Only a few days ago, most of us would not have known that a whole new vector was in play in our big cities – cities in the US, in Europe, in Iran, in China, and most probably in locations we are not yet recognizing.
Cities have long been sites for far more diverse conflicts than the typical resident is likely to realize -partly because a big city contains multiple worlds that rarely connect with each other. In our big cities we are able to have strong links with an enormous diversity of people in an equally enormous diversity of neighborhoods.
But today we confront a condition that cuts across these diverse urban settings: the rise of a killer virus – silent and free to move just about anywhere, easily cutting across what we think of as barriers, accessing our bodies silently, leaving a trace that only becomes visible days, many days, after it invaded us.
Silence, mobility, and effectiveness are its tools. It does not need the big guns our culture seems to be so proud of.
How do we humans respond to this silent, mobile, invisible presence that does not function as a familiar or recognizable enemy or a killer, that probably does not understand us as an enemy, that functions in terms of rules that are not our rules, and that we are unlikely to see, that we discover exist when it makes us ill, often several days after it entered our bodies.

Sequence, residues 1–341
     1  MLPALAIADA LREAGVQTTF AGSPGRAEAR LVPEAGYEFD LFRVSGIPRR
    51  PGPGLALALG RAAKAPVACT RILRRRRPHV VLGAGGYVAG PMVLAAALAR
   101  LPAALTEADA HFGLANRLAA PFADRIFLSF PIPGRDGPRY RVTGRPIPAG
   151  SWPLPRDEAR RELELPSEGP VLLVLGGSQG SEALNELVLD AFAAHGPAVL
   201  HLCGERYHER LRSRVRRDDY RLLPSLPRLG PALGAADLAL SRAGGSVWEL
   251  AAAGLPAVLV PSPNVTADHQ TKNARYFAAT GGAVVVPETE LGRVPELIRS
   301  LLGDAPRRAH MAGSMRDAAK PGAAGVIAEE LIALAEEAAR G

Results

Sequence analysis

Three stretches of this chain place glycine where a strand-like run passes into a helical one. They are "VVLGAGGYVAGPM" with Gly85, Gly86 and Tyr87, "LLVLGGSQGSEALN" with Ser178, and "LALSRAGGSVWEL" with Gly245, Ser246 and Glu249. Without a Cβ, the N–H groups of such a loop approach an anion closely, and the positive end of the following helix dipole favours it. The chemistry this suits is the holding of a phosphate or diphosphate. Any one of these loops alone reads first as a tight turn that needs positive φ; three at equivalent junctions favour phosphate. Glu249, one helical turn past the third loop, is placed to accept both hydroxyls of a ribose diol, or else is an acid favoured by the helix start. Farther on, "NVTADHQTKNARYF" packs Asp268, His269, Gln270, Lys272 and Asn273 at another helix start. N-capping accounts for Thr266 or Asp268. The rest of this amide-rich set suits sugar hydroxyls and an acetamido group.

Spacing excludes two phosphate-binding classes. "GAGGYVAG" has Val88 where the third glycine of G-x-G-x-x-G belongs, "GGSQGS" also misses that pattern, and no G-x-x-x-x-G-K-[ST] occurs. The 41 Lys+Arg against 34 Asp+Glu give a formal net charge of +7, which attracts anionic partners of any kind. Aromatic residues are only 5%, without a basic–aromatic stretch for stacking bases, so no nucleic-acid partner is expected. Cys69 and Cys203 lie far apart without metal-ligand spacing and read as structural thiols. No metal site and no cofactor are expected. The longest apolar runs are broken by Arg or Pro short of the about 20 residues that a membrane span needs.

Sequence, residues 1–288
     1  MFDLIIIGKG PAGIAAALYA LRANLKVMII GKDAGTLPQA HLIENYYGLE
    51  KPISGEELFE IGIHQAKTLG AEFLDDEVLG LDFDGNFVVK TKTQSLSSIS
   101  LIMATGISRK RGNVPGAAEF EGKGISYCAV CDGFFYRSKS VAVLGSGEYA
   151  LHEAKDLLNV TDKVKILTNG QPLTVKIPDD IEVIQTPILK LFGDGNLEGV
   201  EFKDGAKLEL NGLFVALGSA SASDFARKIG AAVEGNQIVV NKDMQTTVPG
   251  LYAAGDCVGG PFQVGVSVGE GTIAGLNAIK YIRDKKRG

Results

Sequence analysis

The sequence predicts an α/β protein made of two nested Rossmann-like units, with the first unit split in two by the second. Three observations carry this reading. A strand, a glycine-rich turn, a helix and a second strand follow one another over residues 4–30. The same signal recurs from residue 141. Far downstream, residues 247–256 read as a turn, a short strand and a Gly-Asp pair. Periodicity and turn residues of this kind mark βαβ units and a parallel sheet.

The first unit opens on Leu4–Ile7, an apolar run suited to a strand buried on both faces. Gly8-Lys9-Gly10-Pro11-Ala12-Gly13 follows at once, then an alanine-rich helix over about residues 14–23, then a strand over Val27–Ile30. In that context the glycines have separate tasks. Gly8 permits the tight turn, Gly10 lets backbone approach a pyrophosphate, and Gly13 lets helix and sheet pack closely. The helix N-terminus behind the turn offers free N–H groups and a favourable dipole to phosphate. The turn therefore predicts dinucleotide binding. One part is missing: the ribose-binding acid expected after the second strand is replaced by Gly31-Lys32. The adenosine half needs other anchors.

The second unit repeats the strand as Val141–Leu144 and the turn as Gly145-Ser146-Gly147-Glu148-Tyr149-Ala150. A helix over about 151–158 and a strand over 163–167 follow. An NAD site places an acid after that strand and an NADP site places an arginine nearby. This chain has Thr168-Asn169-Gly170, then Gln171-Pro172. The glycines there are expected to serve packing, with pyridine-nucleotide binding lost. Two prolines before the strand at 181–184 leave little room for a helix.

Our response is centered in an abstraction: what attacks us is something we cannot see, but about which there is now considerable knowledge. We also know that it has been there for longer than we realized – yes, it is invisible, quiet, effective, and a member of a vast ‘family’… a family that we cannot overcome as individuals.
What to do?! Panic rarely helps. Knowledge can get us only so far. Similarly, with our family and friends—there is only so much help they can give us. Yes, at its most extreme, we are alone.
Our body contains both our capacities to fight back and our limits. And yes, we have witnessed or seen friends who went under in war and now we see them go under in their own homes at the hands of an invisible something, that makes no noise, does not announce itself. We sense that more deaths will happen before it all calms down. We also know that we are witnesses to a condition we are not used to and we cannot simply destroy or kick out, as we have done so often across time.
It all leaves us with a few truths and a sense of our limits.
This virus does not think of itself as our enemy. We might see it that way, but mother nature does not.
We know that across time, especially in this past century, we have produced enormous innovations – but they have come at a high price. Mother nature did not ask us to do this, or offer us these options, or demand that we develop the most powerful tools when it comes to destroying her. She gave us life and food to survive. That is a big gift. For a long time and still in many situations today, we learnt from her how to make land grow, the sun give us light, and the moon help us rest.
Perhaps she is telling us something today —something like “ you overdid it, mate.” We did overdo it.
We have increasingly lost control over a rapidly growing range of innovations and conditions. We are on the other side of the curve. Most of us, cannot see or understand, or grasp this. But we also know that across the globe –from the people of the Sahel to Minnesota’s farmers—many in the new generations can see what we can no longer recognize. And they are telling us: Enough!
“Cities at War” by Saskia Sassen and Mary Kaldor is now out, Columbia University Press, March 2020.